The increased prevalence of ImPACT reflects growing public unease about the state of our kids’ gray matter. News stories about brain-damaged former NFL football players and reports from Afghanistan and Iraq, where 200,000 U.S. service members have suffered head injuries over the past decade, have also raised concerns about concussions, which almost seem routine in some sports.
As research intensifies, scientists seem to be finding evidence of brain injury after apparently benign concussions. At Washington Hospital Center, researchers recently conducted MRI scans on 100 consecutive patients admitted for concussion, which is usually defined as a blow to the head that shakes the brain inside the skull and causes a variety of cognitive and other symptoms, such as difficulty thinking clearly, headaches, dizziness and mood changes. They found that roughly a third had evidence of damage to brain tissue, Lawrence Latour of the National Institute of Neurological Disorders and Stroke reported last month at a military conference on traumatic brain injury.
In the past two years, 33 states and the District have passed laws requiring medical clearance of concussed athletes, says Jean Rickerson of Sequim, Wash., who started a group advocating for such laws after her son, a high school quarterback, suffered a serious concussion in 2008. While the laws don’t explicitly require baseline testing, it is often recommended by specialists.
“We don’t want crippled 13-year-olds because they were put back into a sporting event they should have been left out of,” says David Milzman, an emergency physician at Washington Hospital Center who has led the introduction of ImPACT at area schools. “It’s not that complicated. Enough of this ‘Shake it off, kid,’ stuff.”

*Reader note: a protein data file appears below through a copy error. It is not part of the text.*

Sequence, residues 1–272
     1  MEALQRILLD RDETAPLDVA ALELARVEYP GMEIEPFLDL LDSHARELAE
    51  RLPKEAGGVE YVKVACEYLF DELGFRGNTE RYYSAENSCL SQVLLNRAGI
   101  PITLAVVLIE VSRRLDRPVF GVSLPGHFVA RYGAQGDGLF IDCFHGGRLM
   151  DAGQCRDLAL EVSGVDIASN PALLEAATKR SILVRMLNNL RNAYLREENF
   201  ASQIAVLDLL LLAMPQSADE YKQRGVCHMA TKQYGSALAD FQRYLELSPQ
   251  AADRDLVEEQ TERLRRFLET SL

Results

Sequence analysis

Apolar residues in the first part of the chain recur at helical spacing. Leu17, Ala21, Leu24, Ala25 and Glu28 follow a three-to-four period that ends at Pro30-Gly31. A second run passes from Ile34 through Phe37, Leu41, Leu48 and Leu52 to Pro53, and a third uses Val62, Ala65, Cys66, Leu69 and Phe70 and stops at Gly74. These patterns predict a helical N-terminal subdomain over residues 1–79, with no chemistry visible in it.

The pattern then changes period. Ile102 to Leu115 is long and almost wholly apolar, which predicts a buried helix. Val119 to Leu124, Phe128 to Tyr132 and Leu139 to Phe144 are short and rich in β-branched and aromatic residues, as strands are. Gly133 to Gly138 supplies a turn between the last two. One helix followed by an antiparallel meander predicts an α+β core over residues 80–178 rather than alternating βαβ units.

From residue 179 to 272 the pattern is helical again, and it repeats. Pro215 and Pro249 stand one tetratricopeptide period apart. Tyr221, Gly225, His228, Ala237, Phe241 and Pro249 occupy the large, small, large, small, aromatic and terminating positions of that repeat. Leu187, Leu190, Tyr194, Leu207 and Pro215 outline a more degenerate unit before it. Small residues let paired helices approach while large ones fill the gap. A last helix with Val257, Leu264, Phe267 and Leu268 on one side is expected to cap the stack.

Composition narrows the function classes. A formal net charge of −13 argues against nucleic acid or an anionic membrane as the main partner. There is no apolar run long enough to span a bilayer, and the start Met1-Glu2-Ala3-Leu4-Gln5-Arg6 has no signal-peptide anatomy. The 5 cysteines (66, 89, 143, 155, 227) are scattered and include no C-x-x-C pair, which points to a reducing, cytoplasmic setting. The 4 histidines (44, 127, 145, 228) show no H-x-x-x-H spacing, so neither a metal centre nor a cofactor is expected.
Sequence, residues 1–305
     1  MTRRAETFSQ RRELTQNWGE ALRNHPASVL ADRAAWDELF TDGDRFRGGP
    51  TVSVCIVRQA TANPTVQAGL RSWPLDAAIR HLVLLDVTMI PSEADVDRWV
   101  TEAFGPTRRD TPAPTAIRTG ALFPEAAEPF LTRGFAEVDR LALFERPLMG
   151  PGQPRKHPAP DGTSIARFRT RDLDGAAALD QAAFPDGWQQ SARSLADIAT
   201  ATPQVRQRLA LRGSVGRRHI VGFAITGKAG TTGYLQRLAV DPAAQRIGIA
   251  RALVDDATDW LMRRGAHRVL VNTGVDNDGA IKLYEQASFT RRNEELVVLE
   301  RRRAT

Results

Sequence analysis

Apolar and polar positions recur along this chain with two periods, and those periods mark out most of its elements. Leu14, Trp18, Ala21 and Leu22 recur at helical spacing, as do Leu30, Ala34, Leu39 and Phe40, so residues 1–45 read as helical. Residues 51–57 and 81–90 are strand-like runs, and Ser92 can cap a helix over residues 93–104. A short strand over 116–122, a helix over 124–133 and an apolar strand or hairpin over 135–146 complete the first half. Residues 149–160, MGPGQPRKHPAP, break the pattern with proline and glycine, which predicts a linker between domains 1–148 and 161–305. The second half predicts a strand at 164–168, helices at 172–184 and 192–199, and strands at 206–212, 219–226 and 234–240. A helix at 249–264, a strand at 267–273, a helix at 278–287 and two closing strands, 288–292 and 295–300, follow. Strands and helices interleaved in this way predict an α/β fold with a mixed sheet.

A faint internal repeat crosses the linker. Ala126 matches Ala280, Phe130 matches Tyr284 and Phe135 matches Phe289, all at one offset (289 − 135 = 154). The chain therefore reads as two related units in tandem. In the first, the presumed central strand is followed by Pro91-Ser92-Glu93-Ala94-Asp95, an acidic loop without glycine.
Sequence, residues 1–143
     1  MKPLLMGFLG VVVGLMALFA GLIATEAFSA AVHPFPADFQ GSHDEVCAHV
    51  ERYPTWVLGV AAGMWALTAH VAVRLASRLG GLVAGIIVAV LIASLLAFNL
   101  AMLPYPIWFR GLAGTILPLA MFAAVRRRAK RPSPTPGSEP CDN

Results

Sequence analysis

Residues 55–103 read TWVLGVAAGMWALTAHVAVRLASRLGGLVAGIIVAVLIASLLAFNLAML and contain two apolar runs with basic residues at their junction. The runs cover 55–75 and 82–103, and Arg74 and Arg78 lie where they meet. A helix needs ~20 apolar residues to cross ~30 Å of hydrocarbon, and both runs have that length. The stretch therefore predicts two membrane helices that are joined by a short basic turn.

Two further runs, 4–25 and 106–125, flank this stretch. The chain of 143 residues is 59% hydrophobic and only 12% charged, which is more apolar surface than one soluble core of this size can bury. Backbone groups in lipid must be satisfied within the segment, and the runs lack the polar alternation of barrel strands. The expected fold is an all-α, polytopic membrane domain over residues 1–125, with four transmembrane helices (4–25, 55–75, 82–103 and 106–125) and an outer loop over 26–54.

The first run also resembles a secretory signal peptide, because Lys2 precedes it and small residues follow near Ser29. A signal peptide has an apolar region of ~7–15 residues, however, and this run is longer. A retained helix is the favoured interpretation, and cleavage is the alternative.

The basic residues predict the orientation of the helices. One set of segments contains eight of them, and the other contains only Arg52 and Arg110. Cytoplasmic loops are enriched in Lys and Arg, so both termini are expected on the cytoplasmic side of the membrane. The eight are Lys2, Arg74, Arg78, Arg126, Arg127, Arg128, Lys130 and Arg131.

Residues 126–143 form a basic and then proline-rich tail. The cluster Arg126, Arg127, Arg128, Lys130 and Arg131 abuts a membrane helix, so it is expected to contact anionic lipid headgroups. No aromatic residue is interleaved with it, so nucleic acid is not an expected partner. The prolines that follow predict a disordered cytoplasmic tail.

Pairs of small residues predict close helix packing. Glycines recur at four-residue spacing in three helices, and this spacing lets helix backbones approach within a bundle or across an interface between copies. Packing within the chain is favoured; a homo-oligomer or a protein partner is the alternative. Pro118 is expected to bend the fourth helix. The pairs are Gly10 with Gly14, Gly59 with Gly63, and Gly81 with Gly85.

Not much can be done
Not much can be done to treat concussion, other than rest, regardless of the severity. But it’s important to keep athletes from playing while concussed, mainly to prevent “second impact syndrome” — rare instances of severe brain damage sustained while a person is healing from initial injuries.
Jon Almquist, who is in charge of athletic training for Fairfax County school athletics and began using neuro-
psychological tests in 2004, says there’s also evidence that kids who have suffered even mild concussions recover more slowly if they return to sports too quickly.
“We’ll get kids who come to a neurologist a week after getting a hit saying they’re having headaches. The doctor asks them when they stopped playing, and they say, ‘I’m still playing.’ If they’d been rested after the concussion, the headaches might have disappeared sooner and they wouldn’t have been stumbling through school for a week.”